In his secret study, Richard turns to the writings of necromancers in search of a way to bring back his wife from the dead, but he is stymied by the need for a body to serve as a vessel for her soul. Then, from his curtained window, he sees 20-year-old Suzanne, the very image of her mother. From that point on, all his energies are bent on making his wish a reality.
Suzanne discovers her danger in time to escape. She flees across the moors and finds refuge at Branwell Hall, where Earth Magic is understood, and welcomed.
Meanwhile, Richard’s meddling with necromancy has caused ripples which alert the White Lodge, and, somewhat belatedly, Lord Aldridge sends an Elemental Master to investigate and intervene.
At this point, Lackey performs a bit of literary necromancy of her own, re-animating one of the great characters of all times: Lord Peter Whimsey, created by Dorothy L. Sayers. In Unnatural Issue, he is slightly changed into Lord Peter Almsley he is, after all, a gift to any story in which he manifests a Master of the Element water, with a flair for infiltration. Almsley appeared previously in The Gates of Sleep in a supporting role; now he is the heroine’s complement. Alchemically, he has evolved from side-kick quicksilver to hero’s gold.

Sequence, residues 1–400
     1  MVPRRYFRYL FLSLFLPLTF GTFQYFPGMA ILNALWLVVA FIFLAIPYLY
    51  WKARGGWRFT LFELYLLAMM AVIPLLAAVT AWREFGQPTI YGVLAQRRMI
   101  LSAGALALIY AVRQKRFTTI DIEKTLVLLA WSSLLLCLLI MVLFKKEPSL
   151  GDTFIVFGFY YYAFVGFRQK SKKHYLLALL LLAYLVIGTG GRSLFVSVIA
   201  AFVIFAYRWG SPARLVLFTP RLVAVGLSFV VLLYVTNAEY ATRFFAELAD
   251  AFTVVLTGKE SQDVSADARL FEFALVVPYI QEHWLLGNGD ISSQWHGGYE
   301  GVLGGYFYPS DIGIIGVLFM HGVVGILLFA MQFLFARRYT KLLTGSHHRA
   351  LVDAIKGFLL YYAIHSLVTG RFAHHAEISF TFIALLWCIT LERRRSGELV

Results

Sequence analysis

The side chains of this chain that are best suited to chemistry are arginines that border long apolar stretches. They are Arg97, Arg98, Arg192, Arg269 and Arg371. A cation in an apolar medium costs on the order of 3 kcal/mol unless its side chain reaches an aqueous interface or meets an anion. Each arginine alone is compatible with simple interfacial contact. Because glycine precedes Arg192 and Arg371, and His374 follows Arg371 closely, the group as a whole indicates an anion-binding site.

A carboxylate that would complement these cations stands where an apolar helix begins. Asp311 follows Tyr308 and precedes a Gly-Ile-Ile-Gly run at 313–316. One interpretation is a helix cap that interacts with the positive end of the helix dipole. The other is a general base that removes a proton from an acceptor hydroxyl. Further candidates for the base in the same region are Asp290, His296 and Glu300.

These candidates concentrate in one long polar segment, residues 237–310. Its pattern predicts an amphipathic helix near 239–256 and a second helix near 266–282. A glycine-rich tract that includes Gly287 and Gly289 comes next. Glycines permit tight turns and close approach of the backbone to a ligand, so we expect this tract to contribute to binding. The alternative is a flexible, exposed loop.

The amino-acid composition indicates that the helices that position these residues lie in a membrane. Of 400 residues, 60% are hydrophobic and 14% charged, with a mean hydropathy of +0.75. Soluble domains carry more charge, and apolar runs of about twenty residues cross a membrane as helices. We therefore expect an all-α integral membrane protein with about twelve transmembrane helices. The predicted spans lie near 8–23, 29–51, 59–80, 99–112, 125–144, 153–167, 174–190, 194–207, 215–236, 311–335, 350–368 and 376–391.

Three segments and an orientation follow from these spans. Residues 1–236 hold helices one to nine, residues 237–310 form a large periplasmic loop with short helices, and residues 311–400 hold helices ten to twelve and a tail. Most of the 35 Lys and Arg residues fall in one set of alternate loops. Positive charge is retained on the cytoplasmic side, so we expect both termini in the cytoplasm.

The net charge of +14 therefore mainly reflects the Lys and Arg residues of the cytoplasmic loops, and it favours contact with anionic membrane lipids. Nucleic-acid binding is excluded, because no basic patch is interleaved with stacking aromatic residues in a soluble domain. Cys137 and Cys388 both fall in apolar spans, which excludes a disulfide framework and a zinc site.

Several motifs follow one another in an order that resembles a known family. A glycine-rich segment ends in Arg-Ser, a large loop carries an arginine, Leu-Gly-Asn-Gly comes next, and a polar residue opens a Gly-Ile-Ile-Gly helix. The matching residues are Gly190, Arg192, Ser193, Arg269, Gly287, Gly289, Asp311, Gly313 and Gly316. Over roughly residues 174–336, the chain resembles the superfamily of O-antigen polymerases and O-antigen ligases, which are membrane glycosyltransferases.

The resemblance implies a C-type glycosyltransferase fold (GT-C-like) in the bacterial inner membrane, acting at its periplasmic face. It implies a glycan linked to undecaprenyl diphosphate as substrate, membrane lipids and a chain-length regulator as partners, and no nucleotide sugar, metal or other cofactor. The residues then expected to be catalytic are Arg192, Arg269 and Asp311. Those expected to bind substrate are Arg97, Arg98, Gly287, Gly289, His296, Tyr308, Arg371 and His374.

Lord Peter gets himself installed as Branwell Hall’s new gameskeeper in order to suss out Suzanne her magical ability, her history, and whatever she might know of an elusive necromancer.
Richard Whitestone is not about to give up his plans, and now he has no compunctions about conjuring and commanding legions of the dead, and even nastier things like trolls and redcaps. Once he discovers Suzanne’s whereabouts, he declares war on Branwell Hall and all who dwell therein. And when European unrest erupts into the unholy mess that becomes “The Great War,” Whitestone finds the perfect grounds to continue his revenge against all who sheltered Suzanne.
One of the best features of this book is how Lackey portrays aspects of World War One: the horror of it, the ghastly conditions of the trench warfare, the stupidity and lies that propagated it, the conditions that nurses endured and the responsibilities they shouldered, and how those who knew better could only mitigate the horrors. Suzanne doesn’t get to dance in dresses woven of sunlight, moonlight, and starlight; she dons a nurse’s uniform in
behind the Front.